So ‘Apropos’

for The Brooklyn Paper
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One of the delights of dining out is stumbling into a place and finding something unexpected and special on the menu. At Apropros Cafe in Park Slope, a wine bar and small plate eatery in the authentic style, that surprise was a stellar bread pudding.

I don’t know how the humblest of desserts made its way onto an Italian menu, but I’m grateful that it did. Chef Laurie Vanderwoude serves the pudding exactly as it should be: light, not terribly sweet, with a crisp top and a custardy center. She flavors the dessert with banana and a touch of chocolate, and to cut the sweetness, laces the bread with a strong shot of espresso. It’s a destination dish of the highest order.

Like that bread pudding, the unassuming cafe is a pleasant surprise. There are plenty of wine bars in Brooklyn that I admire, but I think the goal of Ali Kihanmahd, who opened Apropos in November, leans toward the old Greenwich Village, sip-and-nibble mode.

There’s a nonchalance about the cafe that begins with the sign: its name is written on a small chalkboard that sits in front of its large windows; no trumpet-blaring awning announces its place on busy Fifth Avenue. Inside, the 15-seat, brick-walled space, edged with a long, soft, red banquette, glimmers with candlelight. It’s an easy ambience that invites patrons to linger over tasty, carefully conceived, small plates and a well-priced wine list of mostly Italian and South American bottles.

The bruschetta here are a far cry from some of the banal, tomato-heaped versions found elsewhere. Order the tomato bruschetta and a slice of Italian bread arrives thin, fresh and crisp, smeared with tangy, creamy Montrachet cheese and topped with ripe tomatoes and basil. Another sets well-seasoned white bean puree over a licorice-tinged pesto with a crown of crunchy, salty pancetta. The best of the enticing lot pairs pieces of soft, warm figs that add their sweet earthiness to the salty funk of Gorgonzola.

The pizzas are also a step up from the usual. I’ve been disappointed by individual-sized pies before, so I was delighted by the thin, chewy crust of Apropos’ portobello pie and how well suited it was to its toppings. A generous amount of the roasted mushrooms are deepened by woodsy truffle puree and aromatic, fresh thyme. A puree of caramelized garlic and shallots lends a slight bite and sweetness, and pecorino cheese adds its distinctive salty edge. The pie is a balancing act of extremes that works. Other pizzas, like the clam pie made with a smear of the onion mix and Parmesan, are just as tempting.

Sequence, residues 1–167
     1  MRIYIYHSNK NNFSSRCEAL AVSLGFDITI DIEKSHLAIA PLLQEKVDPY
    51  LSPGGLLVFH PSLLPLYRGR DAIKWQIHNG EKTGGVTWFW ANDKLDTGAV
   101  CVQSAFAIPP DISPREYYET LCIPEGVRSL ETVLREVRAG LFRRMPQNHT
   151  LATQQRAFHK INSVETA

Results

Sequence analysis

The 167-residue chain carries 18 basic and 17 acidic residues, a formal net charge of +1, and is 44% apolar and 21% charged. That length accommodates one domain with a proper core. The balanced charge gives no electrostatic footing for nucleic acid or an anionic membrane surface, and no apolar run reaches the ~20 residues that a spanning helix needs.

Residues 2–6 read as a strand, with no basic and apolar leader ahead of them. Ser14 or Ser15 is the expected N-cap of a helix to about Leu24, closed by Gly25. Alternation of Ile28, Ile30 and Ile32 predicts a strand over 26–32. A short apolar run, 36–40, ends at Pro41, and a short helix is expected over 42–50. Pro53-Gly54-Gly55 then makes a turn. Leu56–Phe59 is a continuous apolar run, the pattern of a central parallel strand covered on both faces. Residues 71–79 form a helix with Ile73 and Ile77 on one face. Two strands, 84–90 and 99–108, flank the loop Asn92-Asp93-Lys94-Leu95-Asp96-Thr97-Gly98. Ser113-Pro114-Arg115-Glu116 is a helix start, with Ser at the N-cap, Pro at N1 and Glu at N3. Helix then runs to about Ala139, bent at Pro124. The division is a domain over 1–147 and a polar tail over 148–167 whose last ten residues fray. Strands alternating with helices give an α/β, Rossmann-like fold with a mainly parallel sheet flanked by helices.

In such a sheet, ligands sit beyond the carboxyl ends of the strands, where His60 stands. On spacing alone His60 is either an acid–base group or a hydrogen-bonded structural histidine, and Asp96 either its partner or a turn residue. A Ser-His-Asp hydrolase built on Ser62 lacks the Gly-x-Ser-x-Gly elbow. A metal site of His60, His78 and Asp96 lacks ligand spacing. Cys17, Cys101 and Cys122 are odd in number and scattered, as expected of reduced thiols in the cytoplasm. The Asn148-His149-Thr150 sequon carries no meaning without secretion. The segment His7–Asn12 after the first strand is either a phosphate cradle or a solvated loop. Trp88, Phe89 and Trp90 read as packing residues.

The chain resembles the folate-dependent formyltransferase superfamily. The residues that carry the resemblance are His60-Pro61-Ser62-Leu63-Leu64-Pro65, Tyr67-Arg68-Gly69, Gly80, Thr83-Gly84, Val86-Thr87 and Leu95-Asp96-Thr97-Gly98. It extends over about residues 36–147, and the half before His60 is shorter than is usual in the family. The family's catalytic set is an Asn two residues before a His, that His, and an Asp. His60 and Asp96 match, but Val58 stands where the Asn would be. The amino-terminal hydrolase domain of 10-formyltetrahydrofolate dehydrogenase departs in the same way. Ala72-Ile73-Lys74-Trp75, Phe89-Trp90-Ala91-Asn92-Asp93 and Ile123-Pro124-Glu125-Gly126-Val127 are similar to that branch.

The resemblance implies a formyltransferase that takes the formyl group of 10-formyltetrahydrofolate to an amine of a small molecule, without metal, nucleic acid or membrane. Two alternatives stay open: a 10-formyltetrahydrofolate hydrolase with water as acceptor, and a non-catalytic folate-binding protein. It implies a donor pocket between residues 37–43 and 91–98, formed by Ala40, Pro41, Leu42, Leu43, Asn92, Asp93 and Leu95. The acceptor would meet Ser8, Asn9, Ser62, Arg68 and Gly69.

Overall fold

The panini are thoroughly authentic, which may disappoint people used to over-stuffed sandwiches. The Italians make the sandwich with bread as the star and the filling a bit player.

The “Putanesca” panino, one of several offerings that include a lusty “Cuban” with roast pork and sweet pickles, begins with a crisp, chewy ciabatta roll, its center layered with a few thin slices of smoked ham, mortadella, soppressata and salami. The spicy meats are teamed with tangy, salty provolone cheese and moistened with a splash of herbed olive oil. I’ll take half the sandwich over another filled with a half-pound of dull meat any day.

Salads are another one of those hit-or-miss picks on most menus, usually because the dressing is timid. The two I tried when I visited — the arugula with buttery, roasted pear slices, and the beet — were tossed with dressings that made an impact. The spiced honey vinaigrette on the arugula, for instance, had a hint of sweetness that complemented the pears and dried cranberries while emphasizing the peppery greens and the salty edge of Gorgonzola. A mellow balsamic vinaigrette on the beet salad added tang to crisp, curly frisee and spicy arugula, while accentuating the sweetness of pickled red onion slices and bits of fresh, milky goat cheese.

Kihanmahd, who has years of front-of-the-house restaurant experience, brings just the right touch to his cafe. The wine is poured with a heavy hand and is easy on the wallet; and the kitchen has no big gastronomic goal. There are enjoyable options, all thoughtfully conceived and prepared. When you want to linger over a glass of wine and a plate of something enjoyable, what Apropos Cafe offers is perfectly apropos.

Apropos Cafe (186 Fifth Ave. between Sackett and Degraw streets in Park Slope) accepts American Express, Discover, MasterCard and Visa. Small plates: $3-$10.50. Lunch and dinner is available Tuesday through Sunday. Brunch is served on weekends, 11 am-3 pm. Closed Mondays. Subway: R to Union Street. For information, call (718) 230-7605 or visit

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